London Quiz: Where Is This?

London

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And here’s that shot decoded… IMG_1245

13 comments on “London Quiz: Where Is This?”

  1. snowy says:

    Great Portland Street?

  2. Dan Terrell says:

    Haven’t the faintest, but it would certainly make a fantastic 1,000 piece jigsaw puzzle. Wait, do they sell the Saturn car in the G.B.? It would be great in the showroom entrance.
    (Would it be from the entrance hall floor of a planetarium?)

  3. Helen Martin says:

    There doesn’t appear to be enough space for the word ‘great’ but it’s definitely something land street. I remember that rain installation you showed us, Chris, and there was another one somewhat similar – is that the connection (ah, we’re back at connections, is this an ongoing theme?) I thought that a ‘sun’ installation would make more sense in London. We’ve had less than half the normal sun since the beginning of December but the sun is out today. Hooray!

  4. Vivienne says:

    It must be Gt Portland Street. It’s like one of those designs to test if you are colour blind and it would be nice if it only showed up when it rained – something to look forward to when the sun wasn’t out.

  5. John Howard says:

    I can see a London Underground motif but i’ll be damned if I can see anything even resembling Great Portland Street. Help, whats happening to me.

    I know its some fiendish Iceland puzzle. Maybe it’s the B side to Paperback Writer (Who was that band again??)

  6. Dan Terrell says:

    This is a stumper. The clue “rain” doesn’t help. Admin seems to use that “clue” once or twice per London, nay British, piece. So, the quite attractive thing could be just about any place. I for one throw in the towel: And the answer is…?

  7. admin says:

    It is indeed Great Portland Street (the shot treated by an app on my mobile), and as far as I know it is the only central London tube station where it regularly rains inside. Most of the platform is covered, but for some reason the rain hammers through this one and onto the brickwork, creating stalactites and leaving the tube signs picturesquely stained with drizzling rainwater.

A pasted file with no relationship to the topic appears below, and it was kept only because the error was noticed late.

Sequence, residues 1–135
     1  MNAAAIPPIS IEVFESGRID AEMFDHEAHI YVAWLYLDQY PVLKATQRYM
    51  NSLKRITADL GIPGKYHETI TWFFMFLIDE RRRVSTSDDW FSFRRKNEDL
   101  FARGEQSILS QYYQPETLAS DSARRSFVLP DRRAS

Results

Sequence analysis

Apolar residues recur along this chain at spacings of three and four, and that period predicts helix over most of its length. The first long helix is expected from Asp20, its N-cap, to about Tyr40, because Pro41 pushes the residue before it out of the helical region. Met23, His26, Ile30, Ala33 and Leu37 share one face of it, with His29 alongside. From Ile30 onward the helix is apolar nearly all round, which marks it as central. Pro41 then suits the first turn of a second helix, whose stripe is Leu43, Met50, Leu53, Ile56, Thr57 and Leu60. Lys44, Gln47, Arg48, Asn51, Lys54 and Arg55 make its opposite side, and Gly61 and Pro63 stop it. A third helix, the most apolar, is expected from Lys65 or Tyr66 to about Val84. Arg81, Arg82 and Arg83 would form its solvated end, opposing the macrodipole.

8. Helen Martin says:

    Remind me not to use the Great Portland St. station. Rain is bad enough when it stays outside where it belongs, but am not accepting it indoors. Stalactites indeed! That’s a neat app but it’s a bit of a cheat.

  9. Pheeny says:

    That would make a lovely stained glass window

  10. jan says:

    U’m a tributary to the River Fleet i’ve always thought because if u stand on the west bound platform of the station the water is pretty much at its worst on the north east of the E bound platform. And theres the puzzle of the Nannys tunnel if u think about the site of Great Portland street and you have a look round there you come across a tunnel which you cannot access but can be access by families who live in the garden square to the south of Euston road this connects up with Regents park i think (if i remember it correctly) and is known as the Nannys tunnel where nannys could x the road without endangering their charges by exposing them to traffic – a big deal about a century ago when London adapting to the motor vehicle. In reality this should have been pedestrian access for Euston road N side to get to Great Portland street station but i wold guess that damp and potential flooding was the reason it did not open. I’ve been in the tunnel and its classing London underground construction but not tile lined.

  11. amber says:

    yes, the nannys’ tunnel was there for those who lived in the area to use to cross to the park, but its southern entrance is in private land, I believe that small area (Crescent Gardens) still belongs to residents of Park Crescent for their personal use, as with many of the other squares in Central London

  12. Helen Martin says:

    Someone told me today that there is talk of opening the closed stations on the tube as some sort of tourist thing, but that’s not really possible, is it? Didn’t someone here say that there’s a house built over top of one of the stations?

  13. jan says:

    H u are getting a bit confused with two fake houses in Bayswater which conceal vent points which eliminated steam and dirt from the tube lines when the tubes were steam trains.

    You can access a lot of the empty tubes i ‘ve got into a few (but then i am a real saddo) and they r very interesting.

    Incidentially i was getting a bit confused re the above the nannys tunnel is probably closer to Regents park tube bakerloo than Gt Portland st mind u they r very close and i bet thats to do with water infiltration at time of build!!

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